In the highly competitive banking industry, differentiating your bank from the “big dogs” (large-size banks) and other players in the field takes more than just good luck and a flashy logo. The industry’s highest performing banks are those focused on profitable growth, are highly efficient and have diversified revenue streams.
Best Practices for High Performers
Is your financial institution looking to be more competitive? There are a few best practices that high performers follow to generate revenue and increase efficiency:
- Customer Acquisition
Successful banks do a great job of proactively balancing and focusing on how much they want to spend on customer acquisition and cross sales. They not only know what the profile is for existing customers, but also allocate their spending dollars to really drive growth of new customers.
Pro Tip: Use internal and external data to help craft outreach campaigns to garner new customer acquisition.
- Omnichannel Experience
Creating an omnichannel experience is about providing and executing sales and service consistency across all channels. High performing banks have a defined strategy for engaging their customers across all points of contact, from the first time they enter the branch to their ongoing experiences with the mobile banking app or other technologies offered by the bank.
Pro Tip: Differentiate yourself through customer experience. Turn your customers into strong advocates for your bank by understanding what products and services are popular and delivering a consistent and convenient experience that customers want.
- Commercial Lending vs. Commercial Banking Balance
Payments are the primary non-interest driver for community banks. And strong banks are realistic about how they go to market with their commercial business. Many top performers also do a great job of establishing the infrastructure needed to support commercial banking by choosing one of two go-to-market models:
- Separate treasury management group that does joint calls
- Commercial bankers who are supported by a treasury management group that provides guidance, but frees up the bank to do business development instead of processing and administrative work
Pro Tip: Keep it simple. Let customer-facing bankers focus their time on business development instead of processing, making their key responsibilities revenue generation.
- Strategic Technology
Top industry players focus on implementing the right technology investments and redesigning their processes to achieve maximum benefits. In doing so, they change the behaviors of the people using these technologies to increase earnings performance. They invest in strategic systems that differentiate them from a competitive standpoint.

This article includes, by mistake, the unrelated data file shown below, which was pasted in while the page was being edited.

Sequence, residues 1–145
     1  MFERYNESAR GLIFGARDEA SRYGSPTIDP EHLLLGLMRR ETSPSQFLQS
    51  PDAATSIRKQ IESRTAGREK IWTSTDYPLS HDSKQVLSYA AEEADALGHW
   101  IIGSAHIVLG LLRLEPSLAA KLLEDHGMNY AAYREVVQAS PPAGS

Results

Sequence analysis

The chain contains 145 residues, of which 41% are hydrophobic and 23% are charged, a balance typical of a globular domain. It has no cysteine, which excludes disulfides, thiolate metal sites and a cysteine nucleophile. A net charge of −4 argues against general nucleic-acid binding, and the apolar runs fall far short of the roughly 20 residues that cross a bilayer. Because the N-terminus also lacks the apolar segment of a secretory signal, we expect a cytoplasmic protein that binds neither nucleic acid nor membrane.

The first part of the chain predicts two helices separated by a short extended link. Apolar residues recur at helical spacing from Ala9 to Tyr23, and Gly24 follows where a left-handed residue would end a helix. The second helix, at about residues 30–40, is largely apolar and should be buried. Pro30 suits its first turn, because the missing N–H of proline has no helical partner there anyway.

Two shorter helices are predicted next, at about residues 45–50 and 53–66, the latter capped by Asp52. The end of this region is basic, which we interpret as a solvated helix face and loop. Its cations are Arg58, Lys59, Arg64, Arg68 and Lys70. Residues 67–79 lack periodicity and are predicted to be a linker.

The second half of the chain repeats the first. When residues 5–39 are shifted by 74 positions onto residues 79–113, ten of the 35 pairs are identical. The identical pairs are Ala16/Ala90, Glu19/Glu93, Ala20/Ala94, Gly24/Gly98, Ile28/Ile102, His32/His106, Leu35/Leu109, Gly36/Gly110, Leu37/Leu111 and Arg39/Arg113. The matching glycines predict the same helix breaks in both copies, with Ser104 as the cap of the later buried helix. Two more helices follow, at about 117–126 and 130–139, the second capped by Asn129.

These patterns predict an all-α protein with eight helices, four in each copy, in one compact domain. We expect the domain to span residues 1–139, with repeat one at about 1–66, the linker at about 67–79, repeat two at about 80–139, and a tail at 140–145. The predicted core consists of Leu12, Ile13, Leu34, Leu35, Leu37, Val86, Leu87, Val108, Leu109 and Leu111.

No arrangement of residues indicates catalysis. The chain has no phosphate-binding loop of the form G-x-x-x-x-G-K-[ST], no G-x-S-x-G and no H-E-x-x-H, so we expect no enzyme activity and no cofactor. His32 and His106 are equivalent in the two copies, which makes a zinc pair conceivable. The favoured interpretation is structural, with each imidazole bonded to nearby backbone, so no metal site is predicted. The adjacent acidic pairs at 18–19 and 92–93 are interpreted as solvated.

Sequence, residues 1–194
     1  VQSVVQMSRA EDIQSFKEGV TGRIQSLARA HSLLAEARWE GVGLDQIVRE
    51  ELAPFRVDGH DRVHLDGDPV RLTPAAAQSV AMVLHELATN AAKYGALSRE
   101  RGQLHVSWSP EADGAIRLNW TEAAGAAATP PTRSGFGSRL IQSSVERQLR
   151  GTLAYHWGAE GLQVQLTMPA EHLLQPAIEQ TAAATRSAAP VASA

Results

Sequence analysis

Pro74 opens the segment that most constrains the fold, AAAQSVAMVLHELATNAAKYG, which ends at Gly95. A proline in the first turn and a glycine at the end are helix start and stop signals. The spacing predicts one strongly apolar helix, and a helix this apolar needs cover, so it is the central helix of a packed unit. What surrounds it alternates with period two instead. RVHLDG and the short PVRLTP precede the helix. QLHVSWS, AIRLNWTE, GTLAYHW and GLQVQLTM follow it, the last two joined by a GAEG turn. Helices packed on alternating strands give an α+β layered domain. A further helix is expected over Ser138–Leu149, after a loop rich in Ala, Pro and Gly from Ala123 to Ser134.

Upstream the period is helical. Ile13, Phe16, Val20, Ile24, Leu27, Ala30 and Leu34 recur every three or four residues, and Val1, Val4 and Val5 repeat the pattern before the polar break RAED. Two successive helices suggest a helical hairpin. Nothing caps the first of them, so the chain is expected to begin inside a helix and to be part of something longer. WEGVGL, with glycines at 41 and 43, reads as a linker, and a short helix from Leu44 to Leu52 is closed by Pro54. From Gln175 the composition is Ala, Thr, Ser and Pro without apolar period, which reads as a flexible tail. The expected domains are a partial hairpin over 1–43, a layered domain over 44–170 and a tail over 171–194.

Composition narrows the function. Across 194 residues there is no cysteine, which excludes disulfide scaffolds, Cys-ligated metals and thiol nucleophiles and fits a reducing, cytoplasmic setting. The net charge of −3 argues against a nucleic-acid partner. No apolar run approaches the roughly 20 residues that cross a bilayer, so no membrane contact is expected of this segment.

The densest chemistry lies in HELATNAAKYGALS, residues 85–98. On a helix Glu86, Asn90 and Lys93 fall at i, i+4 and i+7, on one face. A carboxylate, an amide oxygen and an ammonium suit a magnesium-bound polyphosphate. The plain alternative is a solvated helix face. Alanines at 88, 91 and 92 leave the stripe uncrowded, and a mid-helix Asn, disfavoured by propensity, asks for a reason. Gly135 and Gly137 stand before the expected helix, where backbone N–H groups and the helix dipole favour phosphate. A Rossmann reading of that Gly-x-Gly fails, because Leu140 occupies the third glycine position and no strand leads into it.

Pro Tip: Define what technologies are important for you and your customers by using data analytics to understand who your best customers are, evaluate penetration of products, and develop an approach that helps determine where to put resources and marketing dollars.
- Mergers and Acquisitions (Done Right)
In addition to organic grown, savvy banks use mergers and acquisitions to increase earnings and earnings per share. Activity is picking up in the midsize-banking arena, and the players in this arena understand that deals must yield a 63 percent or higher productivity increase in order for them to be lucrative.
Pro Tip: Think beyond 25 percent cost savings. Mergers and acquisitions (when done right) will help earnings growth; but to be a high performer, think about where you need to be to achieve a productivity increase.
Unleash Your Potential for Earnings Growth
In today’s banking environment, only the smartest institutions—and those willing to change—will survive. And the smartest banks are those coming up with creative ways to maximize profits and minimize costs. Whether you’re streamlining your product set around customers and the types of behaviors you want to attract and build, or you’re realigning commercial lending processes, the top performers in the banking industry are focused on earnings growth.
Andy Elliott, senior vice president of customer experience for CSI, presented earnings strategies in our most recent Banking Unleashed webinar series. In his role, he oversees CSI’s Relationship Management, Customer Service and Education Services departments. Andy joined CSI in 1980 after four years in the United States Air Force. During his 35-year tenure with CSI, he has held various positions in sales, operations, customer service, account management, corporate communications, and marketing and education services.